On Jay-Z and Kanye West's "No Church in the Wild," the kick drum loop's attack has a sharp edge to it that is highlighted nicely by a somewhat sculpted high-mid and high frequency response. The drum loop also gets some serious added thump in the lows, while the sub-bass synth hits that punctuate the beat are delivered with depth and power. Simply put, bass lovers will be thrilled with the HD 4.40 BT's sound signature—it brings some serious rumble without sacrificing definition in the highs.
Orchestral tracks, like the opening scene in John Adams' The Gospel According to the Other Mary, sound vibrant, if somewhat sculpted through the HD 4.40 BT. Occasionally, we hear some added sub-bass depth, but mostly the lower register instrumentation sounds natural, while the higher register brass, strings, and vocals have a sculpted, clear, crisp sound. Purists might not fall in love with this sound signature, but the sculpting isn't over the top—there's some pushing of the bass depth, and some tweaking of the highs.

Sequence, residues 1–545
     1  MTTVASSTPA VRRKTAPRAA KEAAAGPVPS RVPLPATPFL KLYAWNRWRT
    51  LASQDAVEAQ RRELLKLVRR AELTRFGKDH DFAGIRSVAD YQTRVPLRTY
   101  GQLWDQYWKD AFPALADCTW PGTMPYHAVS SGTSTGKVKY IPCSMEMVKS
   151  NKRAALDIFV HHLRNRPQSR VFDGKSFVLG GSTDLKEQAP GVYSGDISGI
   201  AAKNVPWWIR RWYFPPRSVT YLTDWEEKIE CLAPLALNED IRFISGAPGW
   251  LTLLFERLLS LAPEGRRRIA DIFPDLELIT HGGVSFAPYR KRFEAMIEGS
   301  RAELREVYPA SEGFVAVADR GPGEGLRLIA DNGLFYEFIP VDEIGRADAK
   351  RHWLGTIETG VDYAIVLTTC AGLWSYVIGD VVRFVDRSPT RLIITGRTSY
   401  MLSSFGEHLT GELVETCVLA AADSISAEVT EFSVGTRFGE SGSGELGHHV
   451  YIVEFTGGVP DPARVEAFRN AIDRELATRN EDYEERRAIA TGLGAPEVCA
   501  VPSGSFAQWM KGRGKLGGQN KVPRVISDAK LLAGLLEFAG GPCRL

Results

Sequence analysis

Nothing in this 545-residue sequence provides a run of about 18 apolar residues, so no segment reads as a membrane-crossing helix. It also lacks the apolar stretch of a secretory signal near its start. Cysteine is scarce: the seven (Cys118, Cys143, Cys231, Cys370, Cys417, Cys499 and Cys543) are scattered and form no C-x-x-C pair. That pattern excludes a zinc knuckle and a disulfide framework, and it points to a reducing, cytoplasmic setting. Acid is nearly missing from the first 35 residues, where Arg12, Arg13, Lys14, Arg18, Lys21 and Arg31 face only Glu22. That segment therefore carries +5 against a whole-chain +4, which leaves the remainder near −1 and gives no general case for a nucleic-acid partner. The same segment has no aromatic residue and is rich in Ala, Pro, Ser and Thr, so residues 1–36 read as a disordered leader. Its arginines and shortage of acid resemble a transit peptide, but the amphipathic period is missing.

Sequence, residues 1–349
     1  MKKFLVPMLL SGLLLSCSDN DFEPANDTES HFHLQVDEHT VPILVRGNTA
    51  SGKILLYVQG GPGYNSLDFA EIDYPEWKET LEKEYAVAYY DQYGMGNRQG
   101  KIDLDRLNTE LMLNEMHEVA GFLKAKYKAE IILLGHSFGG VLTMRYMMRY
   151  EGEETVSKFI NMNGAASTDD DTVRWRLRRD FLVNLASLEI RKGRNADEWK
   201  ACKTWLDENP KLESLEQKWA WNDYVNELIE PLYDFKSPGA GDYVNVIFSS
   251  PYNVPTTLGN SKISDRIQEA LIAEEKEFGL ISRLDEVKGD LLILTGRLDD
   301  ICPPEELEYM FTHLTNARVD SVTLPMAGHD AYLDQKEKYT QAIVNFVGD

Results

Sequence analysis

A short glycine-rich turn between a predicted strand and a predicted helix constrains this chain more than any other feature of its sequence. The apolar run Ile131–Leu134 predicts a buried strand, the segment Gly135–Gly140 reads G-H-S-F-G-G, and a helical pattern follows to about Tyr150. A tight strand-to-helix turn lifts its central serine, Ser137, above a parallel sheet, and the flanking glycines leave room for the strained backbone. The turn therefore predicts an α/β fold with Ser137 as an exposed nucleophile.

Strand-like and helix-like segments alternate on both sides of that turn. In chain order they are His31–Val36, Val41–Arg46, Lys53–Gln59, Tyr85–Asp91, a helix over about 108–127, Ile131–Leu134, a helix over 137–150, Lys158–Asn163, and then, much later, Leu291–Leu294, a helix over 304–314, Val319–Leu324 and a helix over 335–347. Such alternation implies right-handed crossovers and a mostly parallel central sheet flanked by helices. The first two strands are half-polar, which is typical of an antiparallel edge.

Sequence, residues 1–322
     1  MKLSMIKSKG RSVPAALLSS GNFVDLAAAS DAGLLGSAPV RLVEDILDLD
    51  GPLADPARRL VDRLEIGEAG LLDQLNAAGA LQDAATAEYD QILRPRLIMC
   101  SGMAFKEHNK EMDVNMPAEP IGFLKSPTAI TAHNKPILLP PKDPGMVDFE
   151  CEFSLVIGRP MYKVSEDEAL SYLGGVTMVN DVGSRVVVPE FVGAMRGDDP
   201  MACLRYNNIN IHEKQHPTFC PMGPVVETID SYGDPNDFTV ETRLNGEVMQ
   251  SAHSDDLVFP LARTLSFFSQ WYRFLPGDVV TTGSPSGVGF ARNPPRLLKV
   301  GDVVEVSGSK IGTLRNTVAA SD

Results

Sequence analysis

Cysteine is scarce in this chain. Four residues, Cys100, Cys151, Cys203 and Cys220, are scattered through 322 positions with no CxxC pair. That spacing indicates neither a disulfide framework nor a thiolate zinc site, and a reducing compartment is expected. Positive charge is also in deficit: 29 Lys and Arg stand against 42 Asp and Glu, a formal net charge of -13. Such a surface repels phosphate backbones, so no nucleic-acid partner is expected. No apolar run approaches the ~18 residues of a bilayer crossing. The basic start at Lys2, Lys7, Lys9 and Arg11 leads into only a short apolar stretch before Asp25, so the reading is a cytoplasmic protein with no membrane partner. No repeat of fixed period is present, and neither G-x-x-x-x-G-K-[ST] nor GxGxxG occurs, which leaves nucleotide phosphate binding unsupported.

Sennheiser's HD 4.40 BT sounds fantastic for a $150 pair of Bluetooth headphones—there's full, round bass depth that goes all the way down to the subwoofer realm, matched with a clear high frequency response. Add to that a comfortable fit and easy operation, and there's a lot to like. They more than hold their own against favorites like the Klipsch Reference On-Ear Bluetooth, the Skullcandy Hesh 3, and the Sony MDR-XB650BT, earning our Editors' Choice award in the process. If all of these are a bit pricier than what you're hoping to spend, consider the more affordable JBL E45BT.
Other Sennheiser Headphones
By Tim Gideon Contributing Editor, Audio
Contributing Editor Tim Gideon has been writing for PCMag since 2006. He specializes in reviewing audio products, and is obsessed with headphones, speakers, and recording gear. More »